Certain eating habits lead to constant hunger. Constant hunger causes uncontrolled eating, followed by weight gain, and in the end, results in overall diet frustration. Consider the following eating habits you may have fallen into, and make a change to control your hunger instead of letting it control you.
You skimp on breakfast.
Your morning meal should provide 20 to 25 percent of your total calories for the day. Since the average person needs 1,600 to 2,000 calories to maintain their weight, breakfast should be between 400 and 500 calories.
A sustaining breakfast should include whole grains, 10 to 20 grams of lean protein, healthy fat, and a high fiber fruit or vegetable. My favorite 400-calorie breakfast is:
½ cup of rolled oats, cooked with 2 tablespoons chopped walnuts for a healthy dose of Omega-3 fatty acids. Top it with cinnamon, ½ cup of low-fat milk, and ½ cup of berries or a banana.
You are eating too much at night.
If you are not hungry in the morning, and a full breakfast sounds overwhelming, you are eating too much at night. People who skip meals during the day are hungrier at night. That means it’s easy to eat too much at dinner and with nighttime snacking, which leads to weight gain over time. To break this cycle, start with one or two slices of whole-grain toast in the morning, add a morning snack and so forth until nighttime eating is under control, and you’re eating a balanced breakfast.
You go too long between meals.
Eating every two to three hours maintains our energy levels and keeps hunger controlled. That allows us to make more mindful decisions about what we should eat. To stay focused on your work, instead of what is in the office break room, eat within 90 minutes of waking up, and follow that with nutritious meals and snacks about every two to three hours.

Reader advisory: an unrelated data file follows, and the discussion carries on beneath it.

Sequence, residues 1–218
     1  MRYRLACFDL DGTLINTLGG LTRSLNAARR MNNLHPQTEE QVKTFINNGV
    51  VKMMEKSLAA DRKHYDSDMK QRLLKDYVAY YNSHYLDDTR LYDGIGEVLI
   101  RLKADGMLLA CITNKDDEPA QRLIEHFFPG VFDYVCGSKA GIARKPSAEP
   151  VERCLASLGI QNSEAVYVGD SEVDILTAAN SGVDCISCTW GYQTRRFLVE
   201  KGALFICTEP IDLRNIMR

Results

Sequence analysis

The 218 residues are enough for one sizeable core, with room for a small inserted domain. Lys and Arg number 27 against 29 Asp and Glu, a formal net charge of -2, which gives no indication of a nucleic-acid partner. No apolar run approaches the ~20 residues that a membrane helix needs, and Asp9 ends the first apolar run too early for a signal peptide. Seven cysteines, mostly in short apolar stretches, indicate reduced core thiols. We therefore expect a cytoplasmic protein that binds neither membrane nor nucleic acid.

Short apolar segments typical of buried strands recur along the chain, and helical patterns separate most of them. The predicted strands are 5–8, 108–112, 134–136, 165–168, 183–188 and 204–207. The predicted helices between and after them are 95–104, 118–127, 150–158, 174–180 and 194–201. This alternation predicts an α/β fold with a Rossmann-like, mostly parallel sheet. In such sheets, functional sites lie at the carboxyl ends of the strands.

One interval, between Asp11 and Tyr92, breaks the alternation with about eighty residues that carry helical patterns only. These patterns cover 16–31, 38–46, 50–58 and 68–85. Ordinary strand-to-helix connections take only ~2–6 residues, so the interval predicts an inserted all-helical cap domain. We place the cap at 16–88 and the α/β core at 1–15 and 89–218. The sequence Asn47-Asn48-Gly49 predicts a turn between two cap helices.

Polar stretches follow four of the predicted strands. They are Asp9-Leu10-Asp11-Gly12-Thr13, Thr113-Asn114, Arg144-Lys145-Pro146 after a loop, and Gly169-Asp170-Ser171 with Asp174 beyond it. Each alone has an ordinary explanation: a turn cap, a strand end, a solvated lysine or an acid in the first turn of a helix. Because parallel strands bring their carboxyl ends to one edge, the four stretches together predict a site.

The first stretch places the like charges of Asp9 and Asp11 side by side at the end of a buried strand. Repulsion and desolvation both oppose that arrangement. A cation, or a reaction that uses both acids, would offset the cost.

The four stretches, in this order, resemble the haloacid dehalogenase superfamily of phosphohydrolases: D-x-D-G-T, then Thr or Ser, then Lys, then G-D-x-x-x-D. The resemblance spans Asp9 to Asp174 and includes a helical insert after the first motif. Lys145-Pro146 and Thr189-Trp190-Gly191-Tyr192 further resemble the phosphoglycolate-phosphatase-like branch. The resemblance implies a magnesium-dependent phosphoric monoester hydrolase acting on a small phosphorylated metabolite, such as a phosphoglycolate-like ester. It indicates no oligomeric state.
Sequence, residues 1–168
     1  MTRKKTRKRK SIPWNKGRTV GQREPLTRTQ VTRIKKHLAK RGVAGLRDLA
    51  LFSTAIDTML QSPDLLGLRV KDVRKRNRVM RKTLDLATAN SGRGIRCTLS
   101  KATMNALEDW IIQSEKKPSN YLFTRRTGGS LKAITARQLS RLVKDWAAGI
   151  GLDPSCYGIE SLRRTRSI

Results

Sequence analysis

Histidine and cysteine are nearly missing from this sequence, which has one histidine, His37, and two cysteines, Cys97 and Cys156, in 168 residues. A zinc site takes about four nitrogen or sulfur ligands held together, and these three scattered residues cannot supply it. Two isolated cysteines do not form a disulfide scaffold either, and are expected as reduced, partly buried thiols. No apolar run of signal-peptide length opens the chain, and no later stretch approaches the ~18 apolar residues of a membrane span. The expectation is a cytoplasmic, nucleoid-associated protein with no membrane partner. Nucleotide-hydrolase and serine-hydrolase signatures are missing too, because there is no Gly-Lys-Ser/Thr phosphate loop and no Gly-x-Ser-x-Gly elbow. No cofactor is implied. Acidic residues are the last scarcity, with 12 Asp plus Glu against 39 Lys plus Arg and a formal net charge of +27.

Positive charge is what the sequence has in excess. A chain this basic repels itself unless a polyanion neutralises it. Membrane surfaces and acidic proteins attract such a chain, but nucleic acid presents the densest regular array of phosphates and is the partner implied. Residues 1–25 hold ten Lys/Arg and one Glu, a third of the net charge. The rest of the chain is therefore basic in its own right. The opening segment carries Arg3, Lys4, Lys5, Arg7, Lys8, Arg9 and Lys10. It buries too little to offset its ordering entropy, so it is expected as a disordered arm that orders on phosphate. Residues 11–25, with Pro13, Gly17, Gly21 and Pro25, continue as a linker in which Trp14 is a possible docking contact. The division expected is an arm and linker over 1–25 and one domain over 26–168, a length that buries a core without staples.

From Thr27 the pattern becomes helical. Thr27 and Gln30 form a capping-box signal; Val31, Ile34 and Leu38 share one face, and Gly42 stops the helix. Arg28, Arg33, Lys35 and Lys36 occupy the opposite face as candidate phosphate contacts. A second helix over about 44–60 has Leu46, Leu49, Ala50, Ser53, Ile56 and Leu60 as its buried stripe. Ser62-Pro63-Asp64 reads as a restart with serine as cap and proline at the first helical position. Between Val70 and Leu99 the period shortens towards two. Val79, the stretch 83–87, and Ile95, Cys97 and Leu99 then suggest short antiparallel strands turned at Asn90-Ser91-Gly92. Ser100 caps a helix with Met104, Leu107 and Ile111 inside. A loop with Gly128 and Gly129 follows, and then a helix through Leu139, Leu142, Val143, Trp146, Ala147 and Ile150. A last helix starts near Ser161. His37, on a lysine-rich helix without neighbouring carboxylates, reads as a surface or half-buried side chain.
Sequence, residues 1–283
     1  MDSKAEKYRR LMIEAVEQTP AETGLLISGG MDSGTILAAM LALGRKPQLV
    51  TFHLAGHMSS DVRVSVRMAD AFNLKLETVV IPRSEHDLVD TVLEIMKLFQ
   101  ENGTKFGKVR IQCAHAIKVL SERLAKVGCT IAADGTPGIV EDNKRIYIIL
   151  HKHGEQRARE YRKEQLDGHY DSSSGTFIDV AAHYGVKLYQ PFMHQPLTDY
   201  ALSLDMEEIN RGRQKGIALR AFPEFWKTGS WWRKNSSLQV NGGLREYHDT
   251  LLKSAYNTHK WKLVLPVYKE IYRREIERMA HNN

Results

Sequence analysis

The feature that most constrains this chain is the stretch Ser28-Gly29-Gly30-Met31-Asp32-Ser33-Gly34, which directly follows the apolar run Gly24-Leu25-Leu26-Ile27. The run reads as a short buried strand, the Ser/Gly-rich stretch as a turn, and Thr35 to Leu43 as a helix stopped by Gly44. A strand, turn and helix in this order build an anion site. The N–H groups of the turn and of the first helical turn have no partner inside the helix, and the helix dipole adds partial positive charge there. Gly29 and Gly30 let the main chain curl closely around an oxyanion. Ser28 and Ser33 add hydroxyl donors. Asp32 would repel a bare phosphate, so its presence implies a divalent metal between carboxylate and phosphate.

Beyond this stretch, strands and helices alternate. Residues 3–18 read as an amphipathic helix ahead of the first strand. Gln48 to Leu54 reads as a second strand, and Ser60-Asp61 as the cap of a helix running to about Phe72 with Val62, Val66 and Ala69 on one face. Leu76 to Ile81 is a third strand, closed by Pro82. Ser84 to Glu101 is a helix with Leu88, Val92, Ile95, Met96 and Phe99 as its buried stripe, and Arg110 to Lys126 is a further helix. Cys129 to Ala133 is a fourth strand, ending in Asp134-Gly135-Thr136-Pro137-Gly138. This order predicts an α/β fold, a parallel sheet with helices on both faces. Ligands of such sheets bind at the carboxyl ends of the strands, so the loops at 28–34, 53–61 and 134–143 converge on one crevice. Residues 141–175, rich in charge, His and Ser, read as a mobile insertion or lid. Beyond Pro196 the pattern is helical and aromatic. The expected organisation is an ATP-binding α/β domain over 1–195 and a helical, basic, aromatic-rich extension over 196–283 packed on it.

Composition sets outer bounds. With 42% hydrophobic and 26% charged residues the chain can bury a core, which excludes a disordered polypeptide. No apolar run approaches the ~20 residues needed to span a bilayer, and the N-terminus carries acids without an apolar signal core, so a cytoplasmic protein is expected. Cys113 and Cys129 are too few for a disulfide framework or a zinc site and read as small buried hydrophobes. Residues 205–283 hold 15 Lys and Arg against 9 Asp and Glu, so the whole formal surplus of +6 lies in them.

You eat too many processed foods.
Choose quality whole-grains, fruits and vegetables and incorporate more protein and fiber into your diet. This slows digestion, keeping you full longer. Processed, enriched carbohydrates contain the same amount of calories as whole-grain versions, but they digest more rapidly, leaving us hungry and looking for more.
Your diet is too low in fat.
In our efforts to eat healthy, fat can get lost as fresh fruits, vegetables, whole grains and lean proteins fill up our plates. Fat is what makes us feel full, so a diet too low in fat leaves us never fully satisfied. Combine healthy fats into your meals and snacks. Examples include:
» 2 tablespoons guacamole, in place of salsa, with one serving of corn chips.
» Avoid the office candy jar by packing 10 whole cashews with five dried apricots to work for an indulgent afternoon treat.